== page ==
19. Dezember 2018

Santa’s going Serverless

And helps you sharpen your awareness to "Think Functions"

Last Summer Santa C. approached us telling us that he wanted to replace his current data infrastructure which had become pretty messy over the last decades. The system includes a database of all people in the world, especially the children, their holiday wishes and wish lists, people’s behavior in the course of the year (including an API for parents to submit data of their children).

Santa Claus is going serverless
Thank you Caleb Woods for your Photo! Seen on Unsplash

Santa and his SysAdmin elves were running a bunch of servers and load balancers with traffic peaks during the holiday weeks. The rest of the year the computing resources were more or less idle. The decision was to move the whole infrastructure to the Cloud.

The schema we came up with is a complete serverless approach based on Microservices and functions.

We introduced the following Microservices:

  • gcd (global children DB) Contains all children of the world
  • behavior Tracks behavior of the children, uses third party information from buddhism.org's Karma-API
  • wish_lists The lists of wishes
  • products Pool of information on available items and their relation to the items on the wish lists
  • presents Rates certain products based on behavior and further information about a person

The flow diagram which picks a person and gets the ratings for products which are listed in her or his wish list is depicted in the following figure. A person is randomly picked from the DB until all people have been processed. The behavior information and the various products based on the wish list are queried. Based on this information scores for each product are calculated and subsequently the item with the highest score is chosen.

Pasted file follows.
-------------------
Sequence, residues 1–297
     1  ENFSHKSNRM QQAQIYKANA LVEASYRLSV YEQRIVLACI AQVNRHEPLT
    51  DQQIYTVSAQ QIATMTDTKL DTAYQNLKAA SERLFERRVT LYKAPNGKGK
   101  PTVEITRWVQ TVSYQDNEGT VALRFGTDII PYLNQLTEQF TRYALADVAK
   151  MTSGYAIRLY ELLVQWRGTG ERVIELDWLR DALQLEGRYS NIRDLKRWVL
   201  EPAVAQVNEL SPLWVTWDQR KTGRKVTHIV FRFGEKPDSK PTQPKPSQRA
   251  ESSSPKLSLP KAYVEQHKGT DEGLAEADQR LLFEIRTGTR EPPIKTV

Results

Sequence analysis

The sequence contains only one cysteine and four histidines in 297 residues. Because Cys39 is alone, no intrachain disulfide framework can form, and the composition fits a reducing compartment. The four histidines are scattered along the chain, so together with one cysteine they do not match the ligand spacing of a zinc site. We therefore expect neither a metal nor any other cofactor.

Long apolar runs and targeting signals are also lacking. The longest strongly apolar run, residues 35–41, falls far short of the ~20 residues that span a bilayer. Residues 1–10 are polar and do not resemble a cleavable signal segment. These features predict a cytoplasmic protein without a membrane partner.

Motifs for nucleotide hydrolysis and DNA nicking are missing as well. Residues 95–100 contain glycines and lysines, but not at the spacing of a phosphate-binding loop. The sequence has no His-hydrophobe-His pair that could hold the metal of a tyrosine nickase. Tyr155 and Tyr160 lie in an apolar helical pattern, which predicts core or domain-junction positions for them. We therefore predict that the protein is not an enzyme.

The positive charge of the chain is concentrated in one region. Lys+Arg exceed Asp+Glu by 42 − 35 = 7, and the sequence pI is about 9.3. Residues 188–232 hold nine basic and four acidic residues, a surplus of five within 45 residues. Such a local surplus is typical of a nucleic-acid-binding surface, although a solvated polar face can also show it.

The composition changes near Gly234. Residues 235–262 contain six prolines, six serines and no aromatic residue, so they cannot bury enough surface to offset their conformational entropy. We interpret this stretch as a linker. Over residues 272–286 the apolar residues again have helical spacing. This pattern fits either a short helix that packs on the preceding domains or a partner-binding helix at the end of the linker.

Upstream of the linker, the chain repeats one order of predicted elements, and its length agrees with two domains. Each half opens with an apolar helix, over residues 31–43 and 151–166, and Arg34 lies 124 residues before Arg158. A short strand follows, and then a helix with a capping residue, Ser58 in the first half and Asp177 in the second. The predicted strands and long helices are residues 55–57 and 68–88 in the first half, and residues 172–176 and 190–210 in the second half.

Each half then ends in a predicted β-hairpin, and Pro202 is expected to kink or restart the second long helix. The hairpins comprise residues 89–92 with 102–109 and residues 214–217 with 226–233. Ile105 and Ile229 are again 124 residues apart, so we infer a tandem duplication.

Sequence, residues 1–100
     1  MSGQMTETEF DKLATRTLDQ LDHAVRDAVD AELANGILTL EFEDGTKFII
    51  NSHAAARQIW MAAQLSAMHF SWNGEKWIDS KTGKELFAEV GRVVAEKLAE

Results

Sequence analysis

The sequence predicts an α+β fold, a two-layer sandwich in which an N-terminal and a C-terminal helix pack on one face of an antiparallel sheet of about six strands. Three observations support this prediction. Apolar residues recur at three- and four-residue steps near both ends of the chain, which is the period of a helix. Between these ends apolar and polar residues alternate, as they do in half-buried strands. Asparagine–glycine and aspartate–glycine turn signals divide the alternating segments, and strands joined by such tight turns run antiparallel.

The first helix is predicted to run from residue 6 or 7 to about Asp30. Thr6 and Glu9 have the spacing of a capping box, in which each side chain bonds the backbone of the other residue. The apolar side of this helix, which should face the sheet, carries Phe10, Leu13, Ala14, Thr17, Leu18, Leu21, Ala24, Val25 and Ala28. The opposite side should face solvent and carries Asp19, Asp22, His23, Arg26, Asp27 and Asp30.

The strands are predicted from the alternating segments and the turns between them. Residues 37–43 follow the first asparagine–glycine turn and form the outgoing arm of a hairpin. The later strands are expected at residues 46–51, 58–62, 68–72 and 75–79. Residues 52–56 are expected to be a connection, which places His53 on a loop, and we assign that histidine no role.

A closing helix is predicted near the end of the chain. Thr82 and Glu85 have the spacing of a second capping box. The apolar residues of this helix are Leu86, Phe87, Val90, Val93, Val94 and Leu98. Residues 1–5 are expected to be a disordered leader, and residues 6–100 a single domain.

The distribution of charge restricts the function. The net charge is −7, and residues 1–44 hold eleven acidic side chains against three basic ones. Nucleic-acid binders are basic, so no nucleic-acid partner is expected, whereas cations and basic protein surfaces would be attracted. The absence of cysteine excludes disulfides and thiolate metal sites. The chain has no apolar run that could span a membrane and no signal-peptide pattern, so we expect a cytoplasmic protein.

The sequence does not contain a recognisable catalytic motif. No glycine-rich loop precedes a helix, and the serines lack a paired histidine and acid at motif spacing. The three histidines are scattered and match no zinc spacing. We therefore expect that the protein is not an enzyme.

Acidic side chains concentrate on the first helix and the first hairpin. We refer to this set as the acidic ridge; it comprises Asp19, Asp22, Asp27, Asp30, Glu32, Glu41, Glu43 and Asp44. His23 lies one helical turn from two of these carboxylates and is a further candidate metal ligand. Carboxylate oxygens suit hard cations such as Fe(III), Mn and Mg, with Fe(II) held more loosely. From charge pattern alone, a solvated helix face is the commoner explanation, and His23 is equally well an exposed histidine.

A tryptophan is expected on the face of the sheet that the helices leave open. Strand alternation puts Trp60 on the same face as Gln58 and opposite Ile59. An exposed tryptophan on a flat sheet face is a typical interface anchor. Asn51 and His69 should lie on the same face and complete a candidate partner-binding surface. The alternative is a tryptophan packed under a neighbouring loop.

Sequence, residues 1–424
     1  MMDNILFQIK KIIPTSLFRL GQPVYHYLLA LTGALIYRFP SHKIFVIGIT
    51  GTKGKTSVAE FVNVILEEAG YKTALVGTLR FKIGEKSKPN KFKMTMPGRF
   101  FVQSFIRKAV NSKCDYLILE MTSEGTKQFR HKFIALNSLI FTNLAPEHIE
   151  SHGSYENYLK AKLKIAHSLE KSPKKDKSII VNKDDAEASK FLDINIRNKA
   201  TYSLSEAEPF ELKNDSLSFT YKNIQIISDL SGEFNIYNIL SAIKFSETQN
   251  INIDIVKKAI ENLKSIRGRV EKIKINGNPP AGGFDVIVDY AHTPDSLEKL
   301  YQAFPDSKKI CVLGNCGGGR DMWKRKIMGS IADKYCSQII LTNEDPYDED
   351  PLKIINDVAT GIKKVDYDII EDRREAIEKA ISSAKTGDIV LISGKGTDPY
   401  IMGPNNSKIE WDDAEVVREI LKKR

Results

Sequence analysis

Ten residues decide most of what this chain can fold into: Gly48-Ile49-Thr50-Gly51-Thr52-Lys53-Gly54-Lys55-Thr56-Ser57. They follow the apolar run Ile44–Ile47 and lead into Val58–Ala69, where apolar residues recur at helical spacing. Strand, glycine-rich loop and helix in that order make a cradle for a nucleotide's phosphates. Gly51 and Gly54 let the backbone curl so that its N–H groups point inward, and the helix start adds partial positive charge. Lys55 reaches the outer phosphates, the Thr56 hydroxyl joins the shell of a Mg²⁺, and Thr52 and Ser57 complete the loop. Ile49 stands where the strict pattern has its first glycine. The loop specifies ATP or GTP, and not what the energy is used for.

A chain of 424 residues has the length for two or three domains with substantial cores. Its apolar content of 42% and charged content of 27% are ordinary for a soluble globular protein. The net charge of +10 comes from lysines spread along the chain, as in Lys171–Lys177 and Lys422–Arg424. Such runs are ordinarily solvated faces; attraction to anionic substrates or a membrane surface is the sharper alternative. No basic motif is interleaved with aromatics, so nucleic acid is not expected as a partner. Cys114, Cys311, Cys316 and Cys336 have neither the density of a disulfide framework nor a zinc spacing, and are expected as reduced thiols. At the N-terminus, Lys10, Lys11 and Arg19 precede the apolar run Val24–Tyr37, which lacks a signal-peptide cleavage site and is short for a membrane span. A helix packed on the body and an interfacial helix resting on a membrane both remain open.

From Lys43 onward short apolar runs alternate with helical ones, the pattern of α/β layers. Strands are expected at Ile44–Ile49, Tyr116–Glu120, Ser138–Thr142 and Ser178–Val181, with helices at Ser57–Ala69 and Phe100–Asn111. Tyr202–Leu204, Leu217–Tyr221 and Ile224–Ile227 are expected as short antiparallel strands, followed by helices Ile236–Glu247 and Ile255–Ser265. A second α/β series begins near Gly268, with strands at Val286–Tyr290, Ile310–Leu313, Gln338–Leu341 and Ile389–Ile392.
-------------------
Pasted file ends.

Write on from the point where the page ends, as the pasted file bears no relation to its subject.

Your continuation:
program_flow

As proof of concept we picked AWS Lambda and Python to implement the service. The following code snippet depicts the helper functions which invoke the Lambdas. We are making use concurrent's Futures to provide lazy and parallel evaluation of Lambda functions.

These 30 lines of code allow us to retrieve the best ranked present for a certain child:

  1. The next “unprocessed” child is picked
  2. Wishes of the child are retrieved
  3. Each wish is asynchronously mapped to the best fitting product
  4. At the same time information on the behavior is retrieved
  5. A score for each item is calculated and the one with the highest score is chosen

The bottom lines:

The aim of this article is to sharpen your awareness to “think functions”. This is obviously only a toy example, but imagine a future technology which allows us to implement Microservices and their functions in such a manner. The concerns are clearly separated, functions can be called anywhere in your code and you don’t need to think about scaling issues or maintenance.

Clearly the above example demonstrates the performance shortcomings of very high latencies and extensive execution times. The costs in a real world scenario would be pretty significant as well.

This post was inspired by a presentation from the guys of Binaris. We love their ideas and approach and will definitely watch their development and progress and share our experiences with their platform as they are going to release a public beta soon.

Author: Philipp Pahl